3/4 of the way through, just before attaching a side panel:

The finished chair! It really came out well. I especially like how the arms and wings look. Very crisp details.

The legs were touched-up (to remove scratches), and given a wax polish.

Antique Loveseat - White (Complete Overhaul)

This piece is likely from the 1920s or 1930s (it's difficult to date accurately since it is such a simple style).

Love seat as received (with dusty blue slipcover):

Minus slip cover (note the way the back was done - one piece):

Broken rear leg:

The bottom was SLIGHTLY collapsed.

Before I continue, let me just say: this sofa needed "the works". Everything had to be redone on it. It had to be stripped down, disassembled, glue joints scraped, sand and refinish the legs, and then reassemble the frame. After that: new webbing, re-install the springs, retie the springs, new burlap, redo the berm (edge roll), re-web the back, reattach all the stuffing, and then reupholster everything. It took a lot of work, but I think the finished piece is gorgeous!

Alright, lets continue. Here's the frame with most of the stuffing and springs removed. Note the sagging rear straps, and somewhat loose side panels (arm tops are stuffed with straw).

Frame completely knocked apart (except for two larger H sections that were still solid).

Frame after reassembly, and ready for upholstering. And yes, that's all there is to an average sofa frame (new or old).

New webbing. I love doing this part. There's something rewarding/fun about stretching and tacking the webbing down. Most newer sofas and chairs have "no sag" (zigzag) springs, but usually coil springs are better (because of how they're attached to the frame on both the top and bottom of the rails).

Tying the springs. Not a fun part. The string is very hard on the hands and there are a LOT of knots involved. This is what's known as "eight way hand tied".

New burlap and re-attached (original) edge roll (hand sewn in place):

Deck and arm pre-covers done (a rough fabric cover to help contain all the straw and horsehair that made up the original stuffing), and new webbing on the back rests. Also note how the back of the frame is divided in two sections. This is because the original sofa had a double "attached cushion" on the back as you'll see on the finished piece below (compare with the photo at the beginning where they had eliminated this detail).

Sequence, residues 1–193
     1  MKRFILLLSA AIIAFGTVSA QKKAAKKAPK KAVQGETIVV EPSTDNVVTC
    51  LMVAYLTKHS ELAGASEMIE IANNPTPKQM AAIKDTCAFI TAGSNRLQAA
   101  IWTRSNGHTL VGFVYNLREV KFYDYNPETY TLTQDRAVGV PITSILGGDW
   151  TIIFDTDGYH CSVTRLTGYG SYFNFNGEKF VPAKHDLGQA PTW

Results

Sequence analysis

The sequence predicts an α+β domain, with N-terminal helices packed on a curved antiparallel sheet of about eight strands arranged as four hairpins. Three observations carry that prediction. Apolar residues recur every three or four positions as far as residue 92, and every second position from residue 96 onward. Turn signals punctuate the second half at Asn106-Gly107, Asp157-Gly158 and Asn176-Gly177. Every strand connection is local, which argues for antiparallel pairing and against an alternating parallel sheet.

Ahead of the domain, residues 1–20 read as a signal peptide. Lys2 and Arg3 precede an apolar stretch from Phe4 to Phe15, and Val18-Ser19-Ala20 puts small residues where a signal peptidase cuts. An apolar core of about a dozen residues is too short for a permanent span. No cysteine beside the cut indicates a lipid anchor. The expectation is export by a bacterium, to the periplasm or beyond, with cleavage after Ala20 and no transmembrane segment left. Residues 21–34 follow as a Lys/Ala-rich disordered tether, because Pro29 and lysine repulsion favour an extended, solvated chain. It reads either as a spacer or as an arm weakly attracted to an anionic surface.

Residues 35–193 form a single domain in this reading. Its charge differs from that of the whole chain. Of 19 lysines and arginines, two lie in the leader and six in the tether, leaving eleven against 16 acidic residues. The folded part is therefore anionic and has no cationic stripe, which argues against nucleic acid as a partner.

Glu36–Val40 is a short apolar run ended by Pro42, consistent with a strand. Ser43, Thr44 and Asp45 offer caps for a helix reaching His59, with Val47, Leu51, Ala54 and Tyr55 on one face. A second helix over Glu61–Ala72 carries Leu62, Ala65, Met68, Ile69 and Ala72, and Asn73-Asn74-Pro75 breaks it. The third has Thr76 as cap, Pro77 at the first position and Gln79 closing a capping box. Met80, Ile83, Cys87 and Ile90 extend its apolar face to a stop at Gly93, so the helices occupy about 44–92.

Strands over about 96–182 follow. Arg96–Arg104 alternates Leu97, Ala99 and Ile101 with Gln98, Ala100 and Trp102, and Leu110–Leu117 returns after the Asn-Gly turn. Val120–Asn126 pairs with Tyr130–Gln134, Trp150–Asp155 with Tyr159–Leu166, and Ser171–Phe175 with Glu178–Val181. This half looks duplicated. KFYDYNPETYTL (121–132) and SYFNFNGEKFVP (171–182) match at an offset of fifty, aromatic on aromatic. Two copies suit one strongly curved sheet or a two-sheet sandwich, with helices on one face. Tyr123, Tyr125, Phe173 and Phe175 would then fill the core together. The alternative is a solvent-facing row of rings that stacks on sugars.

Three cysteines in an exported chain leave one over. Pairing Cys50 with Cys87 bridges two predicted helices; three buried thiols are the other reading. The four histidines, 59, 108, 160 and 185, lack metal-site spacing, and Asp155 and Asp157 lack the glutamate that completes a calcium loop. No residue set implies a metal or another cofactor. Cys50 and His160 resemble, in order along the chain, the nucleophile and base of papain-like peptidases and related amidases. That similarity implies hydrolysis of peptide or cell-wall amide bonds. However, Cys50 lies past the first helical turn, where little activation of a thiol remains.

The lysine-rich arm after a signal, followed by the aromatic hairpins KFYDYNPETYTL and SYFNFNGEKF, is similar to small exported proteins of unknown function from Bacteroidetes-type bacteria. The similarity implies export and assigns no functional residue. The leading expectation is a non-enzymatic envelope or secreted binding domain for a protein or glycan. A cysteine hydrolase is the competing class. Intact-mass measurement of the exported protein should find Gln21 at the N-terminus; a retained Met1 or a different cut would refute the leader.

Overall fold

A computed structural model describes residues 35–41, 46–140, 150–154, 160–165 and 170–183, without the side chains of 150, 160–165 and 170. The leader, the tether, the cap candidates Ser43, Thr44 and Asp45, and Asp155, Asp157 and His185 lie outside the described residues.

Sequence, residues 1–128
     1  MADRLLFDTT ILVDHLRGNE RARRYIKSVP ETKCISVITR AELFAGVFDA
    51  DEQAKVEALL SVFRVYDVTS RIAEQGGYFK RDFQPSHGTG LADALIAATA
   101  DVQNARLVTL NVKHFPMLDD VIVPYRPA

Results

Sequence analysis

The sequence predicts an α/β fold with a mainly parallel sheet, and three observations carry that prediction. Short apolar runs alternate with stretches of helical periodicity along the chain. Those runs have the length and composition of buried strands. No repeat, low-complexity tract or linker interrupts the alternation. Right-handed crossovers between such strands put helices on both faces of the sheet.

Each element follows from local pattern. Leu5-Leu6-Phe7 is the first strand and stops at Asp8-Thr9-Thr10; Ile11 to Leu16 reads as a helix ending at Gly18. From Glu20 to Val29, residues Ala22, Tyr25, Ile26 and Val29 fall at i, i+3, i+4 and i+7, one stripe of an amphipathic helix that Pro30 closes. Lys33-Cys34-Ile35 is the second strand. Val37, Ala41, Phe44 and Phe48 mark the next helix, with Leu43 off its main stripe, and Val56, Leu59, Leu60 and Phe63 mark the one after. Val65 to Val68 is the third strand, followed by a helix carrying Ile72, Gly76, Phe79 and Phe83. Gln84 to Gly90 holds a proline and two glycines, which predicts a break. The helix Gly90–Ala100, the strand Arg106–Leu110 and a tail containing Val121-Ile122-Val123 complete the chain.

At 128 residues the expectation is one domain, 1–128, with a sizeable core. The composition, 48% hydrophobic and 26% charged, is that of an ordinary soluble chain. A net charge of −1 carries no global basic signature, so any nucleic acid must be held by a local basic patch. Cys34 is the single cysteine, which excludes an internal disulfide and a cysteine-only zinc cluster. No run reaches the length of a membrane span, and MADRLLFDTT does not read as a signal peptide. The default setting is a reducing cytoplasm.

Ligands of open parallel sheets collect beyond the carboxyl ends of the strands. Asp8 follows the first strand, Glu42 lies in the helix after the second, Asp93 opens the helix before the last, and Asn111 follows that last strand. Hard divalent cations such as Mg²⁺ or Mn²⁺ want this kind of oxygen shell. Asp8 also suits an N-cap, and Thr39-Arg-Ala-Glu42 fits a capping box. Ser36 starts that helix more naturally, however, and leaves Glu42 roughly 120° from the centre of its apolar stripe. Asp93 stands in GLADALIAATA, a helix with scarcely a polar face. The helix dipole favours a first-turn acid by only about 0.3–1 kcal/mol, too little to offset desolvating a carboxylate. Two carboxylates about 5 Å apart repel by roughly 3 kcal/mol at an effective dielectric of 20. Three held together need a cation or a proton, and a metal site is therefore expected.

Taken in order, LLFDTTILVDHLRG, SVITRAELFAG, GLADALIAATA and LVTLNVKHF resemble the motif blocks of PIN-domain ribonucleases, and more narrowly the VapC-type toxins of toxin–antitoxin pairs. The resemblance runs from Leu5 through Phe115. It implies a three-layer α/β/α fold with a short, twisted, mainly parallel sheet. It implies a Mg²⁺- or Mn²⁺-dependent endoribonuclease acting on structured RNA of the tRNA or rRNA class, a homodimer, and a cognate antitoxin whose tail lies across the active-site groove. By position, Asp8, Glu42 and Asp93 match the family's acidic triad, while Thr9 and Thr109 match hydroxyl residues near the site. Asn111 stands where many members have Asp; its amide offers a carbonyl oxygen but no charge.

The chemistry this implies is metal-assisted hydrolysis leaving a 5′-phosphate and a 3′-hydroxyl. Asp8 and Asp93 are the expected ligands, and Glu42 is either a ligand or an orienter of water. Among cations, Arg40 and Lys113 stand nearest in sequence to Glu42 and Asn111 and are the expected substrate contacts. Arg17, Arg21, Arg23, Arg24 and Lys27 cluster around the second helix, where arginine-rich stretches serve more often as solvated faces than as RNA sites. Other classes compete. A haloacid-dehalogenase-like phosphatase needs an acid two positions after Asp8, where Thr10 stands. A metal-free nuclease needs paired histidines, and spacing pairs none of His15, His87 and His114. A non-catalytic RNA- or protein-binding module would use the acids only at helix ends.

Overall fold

Better photo showing the rough covers, and the back rests with new burlap.

That's it for the "in progress" photos, so here's the finished sofa! I love the shape (narrow arms, and square pillows). I don't think I'd ever want to have a white sofa, though. While I worked on this, I had to wash my hands about every hour to keep from getting the fabric dirty (which was almost like an ultra-white denim type fabric).

Also note that the seat cushions are slightly domed since they are the original spring cushions (basically they have a mini mattress type box of coiled springs inside them, wrapped in cotton padding). A lot of times these get replaced with foam cushions since they are often more comfortable, but the owner loves antiques and prefers things original. I didn't actually try sitting on the finished sofa, so I can't really say how comfy they are. Apparently the sofa won't be getting much use, and will be more of a "show piece", so it's not a big issue.

Note how the back cushions look like regular loose cushions, but they're attached to the frame.

The back has a very interesting detail where there is a huge 1 inch band of piping that follows the contour. It's a detail I haven't seen very often on other pieces.

The leg that was broken:

Back detail: